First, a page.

MashupAustralia competition winners announced

Winners chosen out of 82 entries in Government 2.0 Taskforce contest

Two mashups of open access government data, Suburban Trends and Know where you live, have taken out top honours in the MashupAustralia contest.

Taking place between October 7 and November 13 throughout a series of hack days, the contest was developed for the Government 2.0 Taskforce to show the benefits of open access to Australian government data.

Web developers were encouraged to test the effectiveness of mashups between Australian Government data sets and commercial application programming interfaces (APIs).

Out of a record 82 entries, ‘Suburban Trends’ and ‘Know Where You Live’ were announced the winners of the Mashies trophies.

(The mashups can be viewed on the competition website.)

Created by students Alejandro Metke and Michael Henderson, Surburban Trends is a mashup of crime and census data which illustrates economic, education, safety and socio-economic indicators of Australian suburbs.

“The judges found the ability to compare suburbs visually, combined with the selective choice of statistics was excellent, especially in a field dominated by many entries using similar datasets,” Dr Nicholas Gruen, taskforce chairman said in a statement. Know Where You Live, created by Eric Auld, David Lewis and Simon Wright, is a prototype of a mashup of a range of open access government data based on postcodes.

“The judges loved the very citizen-centric ‘common questions’ user experience of this application and the groovy cool selective repackaging of what could otherwise be considered uninteresting data,” Gruen said.

“The integration of publicly-held historical photographs and rental price data was a nice touch as was the use of Google’s satellite images in the header.”

Earlier this month, the taskforce released a draft report into its use of Web 2.0 technologies, which said Federal Government agencies "must do better" to achieve the Government 2.0 goals and that agencies have not pursued "Government 2.0 in a coordinated way that reflects a whole of government position".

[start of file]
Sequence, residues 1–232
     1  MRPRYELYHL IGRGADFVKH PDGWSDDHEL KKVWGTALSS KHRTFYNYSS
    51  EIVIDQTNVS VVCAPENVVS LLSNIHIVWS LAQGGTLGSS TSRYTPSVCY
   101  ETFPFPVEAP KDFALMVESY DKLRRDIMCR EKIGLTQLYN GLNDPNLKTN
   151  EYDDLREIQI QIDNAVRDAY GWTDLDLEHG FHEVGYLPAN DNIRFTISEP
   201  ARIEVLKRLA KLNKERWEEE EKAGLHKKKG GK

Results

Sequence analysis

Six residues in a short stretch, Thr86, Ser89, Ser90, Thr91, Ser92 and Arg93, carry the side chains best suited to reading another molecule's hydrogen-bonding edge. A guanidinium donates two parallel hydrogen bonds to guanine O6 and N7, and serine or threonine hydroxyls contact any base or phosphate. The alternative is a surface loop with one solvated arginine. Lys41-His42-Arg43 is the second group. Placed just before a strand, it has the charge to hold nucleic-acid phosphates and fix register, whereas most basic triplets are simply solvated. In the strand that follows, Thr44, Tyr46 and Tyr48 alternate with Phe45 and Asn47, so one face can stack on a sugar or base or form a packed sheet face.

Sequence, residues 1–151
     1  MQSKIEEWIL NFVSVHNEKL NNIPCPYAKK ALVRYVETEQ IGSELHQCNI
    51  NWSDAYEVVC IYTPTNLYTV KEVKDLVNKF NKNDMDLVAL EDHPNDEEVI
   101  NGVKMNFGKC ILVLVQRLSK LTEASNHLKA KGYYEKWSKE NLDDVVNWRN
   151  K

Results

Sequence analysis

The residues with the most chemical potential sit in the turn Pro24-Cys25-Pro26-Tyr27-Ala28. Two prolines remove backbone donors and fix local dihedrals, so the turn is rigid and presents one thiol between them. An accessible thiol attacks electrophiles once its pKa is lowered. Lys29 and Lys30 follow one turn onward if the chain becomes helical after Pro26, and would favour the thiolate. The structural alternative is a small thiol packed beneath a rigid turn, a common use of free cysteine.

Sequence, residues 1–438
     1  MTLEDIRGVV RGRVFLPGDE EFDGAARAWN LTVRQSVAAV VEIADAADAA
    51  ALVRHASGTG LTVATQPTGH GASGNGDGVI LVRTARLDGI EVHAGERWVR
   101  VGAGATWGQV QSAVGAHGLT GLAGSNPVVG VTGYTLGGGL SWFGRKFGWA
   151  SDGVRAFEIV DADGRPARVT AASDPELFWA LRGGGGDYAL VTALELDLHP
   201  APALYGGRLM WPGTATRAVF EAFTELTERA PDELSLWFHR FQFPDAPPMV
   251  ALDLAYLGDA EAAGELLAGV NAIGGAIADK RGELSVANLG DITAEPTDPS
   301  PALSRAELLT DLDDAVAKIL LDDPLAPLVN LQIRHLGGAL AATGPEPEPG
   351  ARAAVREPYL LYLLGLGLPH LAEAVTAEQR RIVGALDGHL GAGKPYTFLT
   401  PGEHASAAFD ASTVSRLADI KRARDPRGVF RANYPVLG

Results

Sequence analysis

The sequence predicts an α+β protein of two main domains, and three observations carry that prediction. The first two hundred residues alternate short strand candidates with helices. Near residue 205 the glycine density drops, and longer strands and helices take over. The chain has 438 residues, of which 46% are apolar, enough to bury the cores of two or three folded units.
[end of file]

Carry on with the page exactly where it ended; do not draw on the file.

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KnowWhereYouLived crashed my browser when I used it, is this what counts as good quality programming these days?.

Trevor Clarke



Thanks for the comment @Anonymous. I've checked the Know Where You Live mashup with Firefox and it works fine.



Running with firefox 3.5.5 on windoze 2000 doesn't work, I am getting this error:
A script on this page may be busy, or it may have stopped responding. You can stop the script now, or you can continue to see if the script will complete.


Choosing to continue, freezes the browser, choosing to stop shows "Warning (2): Division by zero [APP/views/elements/education.ctp, line 8]" error lines on the page.

This application needs more testing, it's also best practice to redirect exceptions to an error page, not dumping them to the screen - there are also security issues with displaying error dumps to the screen.

Good first attempt if the developers are junior developers but there is a steep learning curve if you want to write a production ready app.

Trevor Clarke



Thanks @anonymous.
We've had

Thanks @anonymous.
We've had a couple of other people tell us of similar errors.
But it is worth remembering the mashups were done within 24 hours.



I live in an rural area that shares its Post Code with a number of other areas. The data displayed is the same no matter which of the individual suburbs I choose from the "nearly there" page; it appears to be aggregated for all of the suburbs that share the Post Code. It would be nice to dig a little deeper into the slush than that.



Sorry, I was referring specifically to the "Know Where You Live" mashup.

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